Despite all these differences, full-fledged lawyers still get to be Justice Minister on a fairly regular basis. Chiba is the fourth Justice Minister in this decade (out of eleven) to have a bengoshi qualification. The previous three were, of course, all LDP people (Okiharu Yasuoka, Masahiko Komura and Seiken Sugiura).

For decades Japan had the fewest lawyers per capita of virtually any developed nation, but that is changing. The country now has nearly 29,000 lawyers, a figure that has roughly doubled in 15 years. A law-school system introduced in 2006 has opened the doors wider to the profession.

Now we’re talking about bengoshi, not benrishi. Kan’s qualification has pretty much nothing to do with law school.

Law school also has little to do with the slowly-rising number of lawyers. Entry to the bengoshi profession is strictly a function of the bar exam pass rate, which was extremely low (3% or so) under the old bar exam which required no graduate school, and is still only one-third or so for people who have finished three years of law school under the new licensing system. The exam is full of tricky questions which effectively require the exam taker to memorize all the central statutes of the Japanese legal system as well as the key precedents and scholarly arguments surrounding each one. Other law licenses like benrishi have similarly onerous exams, though no others force people to sit in school for three additional years just to have a one-out-of-three shot at the license.

In all of these cases, the doors could be opened wider by making the exams more practical, but the exams are designed to create a high barrier to entry. As a result, the people who pass these exams tend to be the type of people who could not be bothered with going into a corporate or government job straight out of university, and they tend to stay in private practice rather than joining large institutions—which, as we know, hold all the political power in Japan.

In contrast, US bar exams are designed to mint larger numbers of lawyers, with a passage rate between 80% and 95% in most states. The passage rate is lower in some states where people can take the exam without going to law school, such as California (where apprenticeship study and unaccredited law schools are both options) and New York (where foreign lawyers and law graduates can sit the exam with a certain minimal level of US legal training). They test a narrower range of law and are generally meant to check a person’s reasoning skills rather than knowledge of the chapter and verse of the law.

And with more than 4,000 women lawyers (up from a mere 42 a half-century ago), Japan may be closer to having a pair of lawyers someday as its first couple, following in the footsteps of Bill and Hillary Clinton and Barack and Michelle Obama.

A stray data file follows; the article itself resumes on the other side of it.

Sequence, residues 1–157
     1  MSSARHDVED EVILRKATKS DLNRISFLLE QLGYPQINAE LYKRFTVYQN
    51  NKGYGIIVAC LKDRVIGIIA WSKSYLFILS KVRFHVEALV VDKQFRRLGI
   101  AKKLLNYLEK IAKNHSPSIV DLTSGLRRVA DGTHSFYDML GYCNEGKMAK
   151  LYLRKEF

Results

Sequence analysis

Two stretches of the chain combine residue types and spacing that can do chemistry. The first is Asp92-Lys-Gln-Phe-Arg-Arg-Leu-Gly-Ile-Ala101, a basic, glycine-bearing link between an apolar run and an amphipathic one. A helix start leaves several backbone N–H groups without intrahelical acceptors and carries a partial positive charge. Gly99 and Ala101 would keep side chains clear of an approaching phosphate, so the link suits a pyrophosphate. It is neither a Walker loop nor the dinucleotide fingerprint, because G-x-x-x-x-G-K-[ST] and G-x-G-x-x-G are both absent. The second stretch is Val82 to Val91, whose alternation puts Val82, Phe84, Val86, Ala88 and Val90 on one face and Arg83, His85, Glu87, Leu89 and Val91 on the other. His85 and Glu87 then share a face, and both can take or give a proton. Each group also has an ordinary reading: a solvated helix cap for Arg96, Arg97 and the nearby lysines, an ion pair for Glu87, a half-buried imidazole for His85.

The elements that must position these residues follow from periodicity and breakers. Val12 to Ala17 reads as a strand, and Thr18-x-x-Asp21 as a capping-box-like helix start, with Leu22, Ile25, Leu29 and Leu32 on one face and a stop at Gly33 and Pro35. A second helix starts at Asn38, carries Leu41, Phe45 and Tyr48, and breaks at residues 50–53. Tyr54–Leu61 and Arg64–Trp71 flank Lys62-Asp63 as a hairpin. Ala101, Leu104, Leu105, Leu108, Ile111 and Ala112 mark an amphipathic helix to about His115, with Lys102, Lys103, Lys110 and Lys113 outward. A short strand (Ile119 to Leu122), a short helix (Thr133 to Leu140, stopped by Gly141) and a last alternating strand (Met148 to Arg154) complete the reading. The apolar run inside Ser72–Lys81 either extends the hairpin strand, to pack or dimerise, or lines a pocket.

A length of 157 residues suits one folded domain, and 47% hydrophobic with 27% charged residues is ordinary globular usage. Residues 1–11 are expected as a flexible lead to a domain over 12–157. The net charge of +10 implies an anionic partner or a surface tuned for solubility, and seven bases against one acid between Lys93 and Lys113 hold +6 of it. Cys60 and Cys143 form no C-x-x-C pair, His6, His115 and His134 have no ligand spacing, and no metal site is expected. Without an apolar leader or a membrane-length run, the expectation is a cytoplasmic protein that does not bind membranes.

Yuck. One lawyer is more than enough.

16 thoughts on “Kan is not a “Japan rarity,” but decent foreign reporting may be

  1. Nice overview on lawyers and Japanese politics. Interesting to have a comparison between the Japanese and US systems to put things in perspective. Plus, it’s always fun to read a smart piece that points out the lack of proper foreign reporting on Japan.

    Just one thing. Maybe he meant different, but I’m not sure Ramseyer’s pointing out that the per-capita number of graduates from US law schools and Japanese law faculties are about the same is the best argument, because Japanese law faculties are quite different from US law schools. They include both undergraduate and graduate, and include a wide of range of majors such as politics, history, international relations, etc. so it’s probably not a fair comparison. Most law faculty students don’t enter with the intent of becoming lawyers. However, a few years ago Japanese universities started Houka Daigakuin (Law Graduate Schools) that are modeled after US law schools. Maybe that’s what Ramseyer meant but I’m guessing that the number of Houka Daigakuin grads is still relatively low even on a per-capital basis.

    Thanks for the great posts.

  2. “The Justice Minister has few formal duties, and they only personally carry out one of those duties: administration of the death penalty.”

    I know this wasn’t the point of the article, but I was fascinated by this sentence. Did you mean that the Japanese Justice Minister personally executes people? That’s kind of awesome.

  3. Ed, if you want to know what the death penalty actually looks like in Japan, check out the movie 休暇. (http://www.eigakyuka.com/)